The Huffington Post featured Alexander’s review of the three books today on its website, generating an all-too-common flame war in the comments section, with climate deniers offering up plenty of misinformation and talking past everyone else, including Alexander, who tries in vain to steer them towards credible sources on the realities of climate change. Some things never change, unfortunately.
Naomi Oreskes, professor of history and science studies at the University of California, San Diego, and Erik Conway, an historian at NASA’s Jet Propulsion Lab are stumping about these days in support of their excellent new book, Merchants of Doubt.
As you might expect from someone with Oreskes’ exemplary background, Merchants is a painstakingly careful review of the climate change denial campaign. She and Conway have traced the whole, odious action back to the late 1980s and the early work of the George C. Marshall Institute, which they aregue convincingly was ground zero for the denial industry.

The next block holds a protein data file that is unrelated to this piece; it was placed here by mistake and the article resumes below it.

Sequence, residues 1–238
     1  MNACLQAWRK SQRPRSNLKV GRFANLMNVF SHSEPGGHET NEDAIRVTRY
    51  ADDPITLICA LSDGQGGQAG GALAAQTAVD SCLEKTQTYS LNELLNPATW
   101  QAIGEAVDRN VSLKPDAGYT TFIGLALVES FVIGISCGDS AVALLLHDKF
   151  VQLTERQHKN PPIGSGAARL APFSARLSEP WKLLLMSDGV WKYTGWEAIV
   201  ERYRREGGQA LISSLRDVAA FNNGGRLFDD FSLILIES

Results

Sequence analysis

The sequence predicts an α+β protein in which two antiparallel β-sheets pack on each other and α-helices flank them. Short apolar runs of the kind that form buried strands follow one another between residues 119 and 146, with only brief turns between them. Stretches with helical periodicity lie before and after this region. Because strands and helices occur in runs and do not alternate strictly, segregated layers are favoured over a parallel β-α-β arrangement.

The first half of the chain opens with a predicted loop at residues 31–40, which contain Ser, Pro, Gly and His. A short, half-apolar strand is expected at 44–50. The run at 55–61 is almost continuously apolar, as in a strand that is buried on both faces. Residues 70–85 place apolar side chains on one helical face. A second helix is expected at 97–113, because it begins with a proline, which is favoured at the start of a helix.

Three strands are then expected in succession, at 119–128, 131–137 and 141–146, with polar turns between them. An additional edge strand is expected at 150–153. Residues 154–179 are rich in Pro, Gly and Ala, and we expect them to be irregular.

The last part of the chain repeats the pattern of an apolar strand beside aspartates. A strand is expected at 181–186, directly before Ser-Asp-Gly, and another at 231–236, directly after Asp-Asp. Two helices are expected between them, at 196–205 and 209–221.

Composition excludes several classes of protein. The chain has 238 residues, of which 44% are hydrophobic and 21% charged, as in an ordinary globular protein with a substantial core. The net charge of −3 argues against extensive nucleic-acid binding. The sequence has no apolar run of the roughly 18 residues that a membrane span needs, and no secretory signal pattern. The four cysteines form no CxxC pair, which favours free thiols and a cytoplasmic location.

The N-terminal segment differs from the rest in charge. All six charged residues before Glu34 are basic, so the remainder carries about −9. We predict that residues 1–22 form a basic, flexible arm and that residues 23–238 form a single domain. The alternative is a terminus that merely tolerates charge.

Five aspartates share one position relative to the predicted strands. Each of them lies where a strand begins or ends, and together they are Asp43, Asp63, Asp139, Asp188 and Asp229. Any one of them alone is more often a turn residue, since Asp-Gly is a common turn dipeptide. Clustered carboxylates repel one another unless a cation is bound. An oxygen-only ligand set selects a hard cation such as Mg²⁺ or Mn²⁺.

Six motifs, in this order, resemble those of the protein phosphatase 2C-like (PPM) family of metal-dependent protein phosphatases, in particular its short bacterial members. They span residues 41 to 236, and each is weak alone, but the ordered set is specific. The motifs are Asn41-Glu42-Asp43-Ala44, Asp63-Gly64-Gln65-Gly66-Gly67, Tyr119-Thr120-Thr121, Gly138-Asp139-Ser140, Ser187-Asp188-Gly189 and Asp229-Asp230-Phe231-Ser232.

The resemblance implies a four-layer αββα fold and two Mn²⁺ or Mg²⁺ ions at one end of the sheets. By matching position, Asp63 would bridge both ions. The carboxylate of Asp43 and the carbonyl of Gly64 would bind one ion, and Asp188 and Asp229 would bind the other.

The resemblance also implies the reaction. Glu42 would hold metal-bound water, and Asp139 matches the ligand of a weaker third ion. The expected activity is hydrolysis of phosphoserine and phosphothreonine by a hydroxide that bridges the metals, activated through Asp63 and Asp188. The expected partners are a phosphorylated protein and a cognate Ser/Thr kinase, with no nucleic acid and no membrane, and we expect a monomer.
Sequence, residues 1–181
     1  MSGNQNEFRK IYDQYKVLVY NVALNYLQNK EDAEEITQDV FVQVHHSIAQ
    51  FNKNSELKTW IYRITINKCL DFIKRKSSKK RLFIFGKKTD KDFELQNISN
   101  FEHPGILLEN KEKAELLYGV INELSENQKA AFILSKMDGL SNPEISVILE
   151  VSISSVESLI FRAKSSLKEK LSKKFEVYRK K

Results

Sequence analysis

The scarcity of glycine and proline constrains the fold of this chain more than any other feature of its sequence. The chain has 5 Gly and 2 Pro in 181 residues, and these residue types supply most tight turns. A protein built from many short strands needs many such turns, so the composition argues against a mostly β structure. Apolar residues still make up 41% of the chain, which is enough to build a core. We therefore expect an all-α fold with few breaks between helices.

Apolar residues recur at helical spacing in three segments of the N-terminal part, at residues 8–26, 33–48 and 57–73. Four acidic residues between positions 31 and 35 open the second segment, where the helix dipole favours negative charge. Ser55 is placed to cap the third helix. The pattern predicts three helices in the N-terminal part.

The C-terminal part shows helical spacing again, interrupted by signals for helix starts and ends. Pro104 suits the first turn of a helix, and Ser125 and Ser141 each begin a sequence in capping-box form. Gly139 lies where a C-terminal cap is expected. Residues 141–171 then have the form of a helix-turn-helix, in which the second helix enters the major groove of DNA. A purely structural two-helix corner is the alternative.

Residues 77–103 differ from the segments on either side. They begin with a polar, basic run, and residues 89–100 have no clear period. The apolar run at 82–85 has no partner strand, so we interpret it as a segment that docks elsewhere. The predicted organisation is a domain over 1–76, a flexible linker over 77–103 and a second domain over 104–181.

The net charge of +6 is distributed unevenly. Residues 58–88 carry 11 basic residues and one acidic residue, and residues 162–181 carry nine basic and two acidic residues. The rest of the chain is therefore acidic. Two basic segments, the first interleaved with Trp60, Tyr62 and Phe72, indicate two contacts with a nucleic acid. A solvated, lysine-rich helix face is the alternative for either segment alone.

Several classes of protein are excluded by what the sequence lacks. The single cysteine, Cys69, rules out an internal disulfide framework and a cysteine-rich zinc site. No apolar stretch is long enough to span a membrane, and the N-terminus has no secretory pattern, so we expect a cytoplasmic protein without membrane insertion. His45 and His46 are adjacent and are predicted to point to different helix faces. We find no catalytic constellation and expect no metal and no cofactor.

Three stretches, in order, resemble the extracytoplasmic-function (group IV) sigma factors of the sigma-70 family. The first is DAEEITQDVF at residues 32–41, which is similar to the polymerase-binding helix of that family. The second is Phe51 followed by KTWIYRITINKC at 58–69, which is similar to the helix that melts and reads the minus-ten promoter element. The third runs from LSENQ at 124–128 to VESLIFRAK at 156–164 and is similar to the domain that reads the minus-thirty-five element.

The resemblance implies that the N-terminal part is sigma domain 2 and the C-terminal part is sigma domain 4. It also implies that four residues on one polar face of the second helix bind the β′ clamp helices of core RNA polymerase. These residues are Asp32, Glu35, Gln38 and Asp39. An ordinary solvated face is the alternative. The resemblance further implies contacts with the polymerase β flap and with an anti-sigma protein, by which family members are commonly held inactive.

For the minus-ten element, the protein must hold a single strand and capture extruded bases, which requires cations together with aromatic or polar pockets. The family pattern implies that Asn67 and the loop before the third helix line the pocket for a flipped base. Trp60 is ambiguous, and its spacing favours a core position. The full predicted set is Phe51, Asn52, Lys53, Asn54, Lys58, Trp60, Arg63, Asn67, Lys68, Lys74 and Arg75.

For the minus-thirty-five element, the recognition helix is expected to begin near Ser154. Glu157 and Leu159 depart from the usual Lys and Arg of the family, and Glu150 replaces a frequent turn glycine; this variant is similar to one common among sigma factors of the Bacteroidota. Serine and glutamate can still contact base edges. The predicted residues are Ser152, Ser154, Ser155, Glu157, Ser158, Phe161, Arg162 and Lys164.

For a taste quick taste of their position, check thisCNN feature.
Ari Berman’s must-read article “The Dirt on Clean Coal” upholds The Nation’s proud reputation for investigative reporting which separates it from most mainstream outlets, posing relevant questions and actually attempting to find answers to them.
Berman asks the critical, overlooked question of the day, “Can the same people who told us that global warming didn’t exist–or that it was a good thing–suddenly be trusted to help solve the climate crisis?”
As you might guess, the answer is a resounding “no.”
Berman details how the coal industry - through its $40 million Astroturf campaign by the front group “American Coalition for Clean Coal Electricity” - is working feverishly to fight Congressional efforts to limit greenhouse gas emissions, hoping to ensure that the world’s coal supplies – and the climate – continue to burn for decades to come.
Join scientist and renowned historian Naomi Oreskes as she describes her investigation into the reasons for such widespread mistrust and misunderstanding of scientific consensus and probes the history of organized campaigns designed to create public doubt and confusion about science.
Democracy is utterly dependent upon an electorate that is accurately informed. In promoting climate change denial (and often denying their responsibility for doing so) industry has done more than endanger the environment. It has undermined democracy.
There is a vast difference between putting forth a point of view, honestly held, and intentionally sowing the seeds of confusion. Free speech does not include the right to deceive. Deception is not a point of view. And the right to disagree does not include a right to intentionally subvert the public awareness.